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Tuesday, Oct 22, 2019

‘He didn’t understand English’: Court frees Japanese man held in drugs case

Yusuju Hinagata was arrested in July 2013 by the Anti-Narcotic Cell of the Goa Police. He was convicted by the special judge in 2016 who sentenced him to serve 10 years in jail.

india Updated: Oct 04, 2019 17:17 IST
Gerard de Souza
Gerard de Souza
Hindustan Times, Panaji
The police also claimed that he was offered to search the members of the raiding party before they frisked him.
The police also claimed that he was offered to search the members of the raiding party before they frisked him. (HT file photo)
         

A Japanese national who spent six years in prison, has been acquitted in a drugs case by the Goa bench of the Bombay High Court which ruled the policemen did not follow the procedure to search him.

Yusuju Hinagata, 50, was arrested in July 2013 by the Anti-Narcotic Cell of the Goa Police. He was convicted by the special judge in 2016 who sentenced him to serve 10 years in jail.

According to the police version, Hinagata was stopped on a tip-off and searched after reading out his rights including informing him that he could avail the right to be searched in the presence of a gazetted officer or a Magistrate.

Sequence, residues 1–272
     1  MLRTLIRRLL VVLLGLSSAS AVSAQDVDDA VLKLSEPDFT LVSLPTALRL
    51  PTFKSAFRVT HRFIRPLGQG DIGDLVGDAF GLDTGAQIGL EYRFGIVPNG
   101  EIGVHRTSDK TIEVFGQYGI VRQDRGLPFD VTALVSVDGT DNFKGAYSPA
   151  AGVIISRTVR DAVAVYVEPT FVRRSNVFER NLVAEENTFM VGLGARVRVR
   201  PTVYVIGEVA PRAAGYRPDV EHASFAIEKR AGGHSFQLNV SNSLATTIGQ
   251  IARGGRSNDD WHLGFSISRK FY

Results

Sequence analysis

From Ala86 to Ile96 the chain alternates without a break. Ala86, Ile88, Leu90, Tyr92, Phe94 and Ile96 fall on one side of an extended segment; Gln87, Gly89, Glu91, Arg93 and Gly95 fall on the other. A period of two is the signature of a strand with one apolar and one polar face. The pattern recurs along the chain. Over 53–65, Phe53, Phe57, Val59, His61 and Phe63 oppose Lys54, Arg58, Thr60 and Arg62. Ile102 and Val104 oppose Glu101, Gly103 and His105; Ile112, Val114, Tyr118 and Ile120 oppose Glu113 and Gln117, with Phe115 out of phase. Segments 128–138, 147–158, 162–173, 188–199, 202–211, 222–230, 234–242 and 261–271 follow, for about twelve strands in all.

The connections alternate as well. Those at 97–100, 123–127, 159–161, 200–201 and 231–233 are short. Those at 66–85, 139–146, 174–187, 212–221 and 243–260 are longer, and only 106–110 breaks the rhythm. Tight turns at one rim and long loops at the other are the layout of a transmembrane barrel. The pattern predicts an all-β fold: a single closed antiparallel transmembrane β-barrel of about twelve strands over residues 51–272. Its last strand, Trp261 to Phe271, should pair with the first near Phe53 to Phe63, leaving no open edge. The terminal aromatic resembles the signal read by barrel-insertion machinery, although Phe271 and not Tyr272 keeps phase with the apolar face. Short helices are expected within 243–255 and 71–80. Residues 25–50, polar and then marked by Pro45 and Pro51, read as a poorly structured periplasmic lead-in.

But, the police claimed, he declined the offer. The police also claimed that he was offered to search the members of the raiding party before they frisked him. Police claimed that when they searched him, Hinagata was found in possession of charas and LSD.

Hingnata challenged this version in his appeal to the high court, pointing out that he only understands Japanese and the police made no effort to communicate with him in a language he was familiar.

The high court found this argument convincing, and set aside the conviction.

“Even if the suspect may or may not choose to exercise the right of search provided to him under Section 50 of the NDPS Act, but it was obligatory upon the officer concerned under Section 50 of the NDPS Act to appraise the suspect of his right to be searched before a Gazetted Officer or a Magistrate,” the High Court ruled.

Given that Hingnata claimed he didn’t understand English, it could not be said that they satisfied the provisions of the NDPS Act while conducting the raid.

The high court ruled that the charges against the Japanese national did not indicate that the charges were explained to the appellant in a language understood by him.

First Published: Oct 04, 2019 17:11 IST

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